Glyphosate just the tip of the iceberg: 30 percent of all pesticides are approved by extension without new risk assessment
foodwatch calls for full reform of authorisation practice
30 percent of all currently approved pesticides in the EU are approved by extension without a renewed, final risk assessment, as research by foodwatch shows. The European consumer organisation called for a full reform of the current EU authorisation practice. All pesticides whose approvals were extended without the EU Food Safety Authority (EFSA) having carried out a new risk assessment, should be immediately withdrawn, urged foodwatch. On Tuesday, the EU Commission announced to prolong the use of Glyphosate until December 2023, although the final EFSA opinion on the controversial pesticide is expected not before next year.
“Glyphosate is just the tip of the iceberg: One out of three currently approved pesticides in the EU are approved by way of extension – without a renewed and final risk assessment by EU authorities. That is absolutely irresponsible and unacceptable”, said Lars Neumeister from foodwatch International. “The EU-pesticide authorisation system has so many flaws that a reform is urgently needed.”
As foodwatch research shows, the authorisation for 135 of a total of 455 pesticides currently authorised in the EU has actually expired – and yet has been renewed again and again sometimes for years without EFSA finalising a new safety assessment. Among them are widely used pesticides, such as Flufenacet, an herbicide which metabolites contaminate the groundwater. Its authorisation had actually already expired in 2012. The approval for the neurotoxic Deltamethrin for example has been extended again and again since 2013 – even though the insecticide was labelled by the EU as a so-called “Candidate for Substitution”, meaning it should actually have a shorter approval period due to its particular hazardous effects.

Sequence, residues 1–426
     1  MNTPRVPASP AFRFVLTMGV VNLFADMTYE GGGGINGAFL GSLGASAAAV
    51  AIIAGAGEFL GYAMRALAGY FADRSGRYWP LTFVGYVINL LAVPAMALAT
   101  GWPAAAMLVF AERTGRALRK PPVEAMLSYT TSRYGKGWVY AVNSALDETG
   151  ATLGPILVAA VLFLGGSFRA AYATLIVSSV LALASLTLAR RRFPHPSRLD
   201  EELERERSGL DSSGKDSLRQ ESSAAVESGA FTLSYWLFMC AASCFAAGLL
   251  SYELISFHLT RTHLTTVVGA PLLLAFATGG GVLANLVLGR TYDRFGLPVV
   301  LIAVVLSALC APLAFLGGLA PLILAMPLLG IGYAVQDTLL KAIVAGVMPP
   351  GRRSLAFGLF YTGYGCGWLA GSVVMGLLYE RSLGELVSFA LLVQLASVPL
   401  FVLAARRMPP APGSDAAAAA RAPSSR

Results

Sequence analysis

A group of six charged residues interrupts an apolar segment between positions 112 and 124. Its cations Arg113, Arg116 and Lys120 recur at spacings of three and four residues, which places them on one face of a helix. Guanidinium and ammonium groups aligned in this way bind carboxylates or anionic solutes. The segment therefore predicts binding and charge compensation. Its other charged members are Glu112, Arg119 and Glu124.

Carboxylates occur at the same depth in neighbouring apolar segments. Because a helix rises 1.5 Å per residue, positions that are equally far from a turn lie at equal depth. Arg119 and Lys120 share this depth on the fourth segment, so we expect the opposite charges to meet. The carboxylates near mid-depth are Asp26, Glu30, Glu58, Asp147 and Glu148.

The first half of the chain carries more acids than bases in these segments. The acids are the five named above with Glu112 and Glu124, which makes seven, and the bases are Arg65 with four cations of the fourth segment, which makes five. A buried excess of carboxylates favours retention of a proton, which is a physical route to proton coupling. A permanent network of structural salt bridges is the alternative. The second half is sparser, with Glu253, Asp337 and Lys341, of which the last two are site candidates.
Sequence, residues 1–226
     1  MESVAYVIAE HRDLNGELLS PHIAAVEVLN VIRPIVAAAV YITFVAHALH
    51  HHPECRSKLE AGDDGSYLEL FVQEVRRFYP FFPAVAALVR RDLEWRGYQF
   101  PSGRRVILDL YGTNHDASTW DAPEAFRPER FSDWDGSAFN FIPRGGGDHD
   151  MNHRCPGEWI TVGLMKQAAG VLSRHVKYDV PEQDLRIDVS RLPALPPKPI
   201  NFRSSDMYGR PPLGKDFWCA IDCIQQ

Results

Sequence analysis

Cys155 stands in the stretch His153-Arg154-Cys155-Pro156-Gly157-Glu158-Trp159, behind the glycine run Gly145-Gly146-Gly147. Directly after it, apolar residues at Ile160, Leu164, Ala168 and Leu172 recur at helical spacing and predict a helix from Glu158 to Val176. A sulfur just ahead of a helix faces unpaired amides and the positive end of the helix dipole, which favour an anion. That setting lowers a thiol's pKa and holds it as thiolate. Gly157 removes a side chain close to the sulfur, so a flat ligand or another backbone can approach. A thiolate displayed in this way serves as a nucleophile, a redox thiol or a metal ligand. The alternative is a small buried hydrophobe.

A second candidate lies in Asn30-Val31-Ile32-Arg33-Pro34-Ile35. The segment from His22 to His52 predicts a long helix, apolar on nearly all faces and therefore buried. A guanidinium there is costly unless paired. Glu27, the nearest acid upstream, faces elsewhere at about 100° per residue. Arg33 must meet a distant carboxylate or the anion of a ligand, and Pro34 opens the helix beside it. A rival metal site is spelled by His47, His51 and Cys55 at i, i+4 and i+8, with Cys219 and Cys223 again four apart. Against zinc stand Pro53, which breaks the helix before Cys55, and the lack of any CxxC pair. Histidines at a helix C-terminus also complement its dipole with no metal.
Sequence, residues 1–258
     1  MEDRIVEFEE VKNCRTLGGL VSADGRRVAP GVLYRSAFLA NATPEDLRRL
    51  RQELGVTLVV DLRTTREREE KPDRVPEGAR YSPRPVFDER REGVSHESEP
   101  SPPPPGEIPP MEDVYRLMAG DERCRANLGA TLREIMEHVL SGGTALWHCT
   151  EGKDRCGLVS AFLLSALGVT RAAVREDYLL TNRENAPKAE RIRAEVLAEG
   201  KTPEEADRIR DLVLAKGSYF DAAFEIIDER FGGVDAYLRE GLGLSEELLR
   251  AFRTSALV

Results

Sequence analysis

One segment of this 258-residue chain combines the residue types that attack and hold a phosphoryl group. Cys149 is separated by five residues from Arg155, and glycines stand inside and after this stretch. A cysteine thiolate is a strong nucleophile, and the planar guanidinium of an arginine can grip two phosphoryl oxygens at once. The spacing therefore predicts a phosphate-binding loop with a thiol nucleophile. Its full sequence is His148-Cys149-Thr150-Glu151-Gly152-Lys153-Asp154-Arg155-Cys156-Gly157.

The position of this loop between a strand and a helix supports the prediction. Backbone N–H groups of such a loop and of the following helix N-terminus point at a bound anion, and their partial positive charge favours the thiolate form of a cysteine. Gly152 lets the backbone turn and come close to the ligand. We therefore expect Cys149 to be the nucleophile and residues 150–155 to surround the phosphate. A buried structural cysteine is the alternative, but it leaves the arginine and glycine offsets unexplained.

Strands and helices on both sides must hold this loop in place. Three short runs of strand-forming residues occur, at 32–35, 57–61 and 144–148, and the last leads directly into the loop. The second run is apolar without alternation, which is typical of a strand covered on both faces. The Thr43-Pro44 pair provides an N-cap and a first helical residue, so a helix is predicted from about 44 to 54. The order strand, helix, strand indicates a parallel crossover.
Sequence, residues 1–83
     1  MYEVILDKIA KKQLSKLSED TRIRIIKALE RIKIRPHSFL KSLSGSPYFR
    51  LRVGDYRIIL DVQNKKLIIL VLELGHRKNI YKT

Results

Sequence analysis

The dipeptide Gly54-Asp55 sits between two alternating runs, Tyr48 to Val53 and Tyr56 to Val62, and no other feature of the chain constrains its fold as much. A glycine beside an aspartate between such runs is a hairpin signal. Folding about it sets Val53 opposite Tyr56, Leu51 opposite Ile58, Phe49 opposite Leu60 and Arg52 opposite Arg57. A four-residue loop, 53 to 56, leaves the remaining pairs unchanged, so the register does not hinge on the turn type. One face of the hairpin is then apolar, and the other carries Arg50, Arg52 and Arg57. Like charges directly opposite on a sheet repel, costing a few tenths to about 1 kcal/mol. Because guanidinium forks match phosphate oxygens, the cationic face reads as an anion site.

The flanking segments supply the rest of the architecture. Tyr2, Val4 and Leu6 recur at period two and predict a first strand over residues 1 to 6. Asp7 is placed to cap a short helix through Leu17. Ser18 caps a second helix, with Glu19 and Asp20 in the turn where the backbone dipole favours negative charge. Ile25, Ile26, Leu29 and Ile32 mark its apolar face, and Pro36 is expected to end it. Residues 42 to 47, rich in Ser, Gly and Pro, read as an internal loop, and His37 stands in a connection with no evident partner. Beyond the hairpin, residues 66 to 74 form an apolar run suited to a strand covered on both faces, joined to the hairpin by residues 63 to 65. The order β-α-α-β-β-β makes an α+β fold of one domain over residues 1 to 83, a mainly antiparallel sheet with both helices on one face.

foodwatch called for higher authorisation fees paid by the pesticide manufacturers so that EU authorities can conduct the risk assessment on time. Current extension periods should be subtracted from the approval period, if a pesticide is re-approved. All pesticides not assessed by EFSA according to the risk assessment rules laid down in Reg. 1107/2009/EC should be immediately taken off the market, demanded the consumer organisation. Furthermore, the EU are to establish a coherent and effective pesticide exit strategy. The goal must be a pesticide-free EU agriculture by 2035, said foodwatch. In a recent report, foodwatch had presented a concrete crop-by-crop exit strategy for pesticides.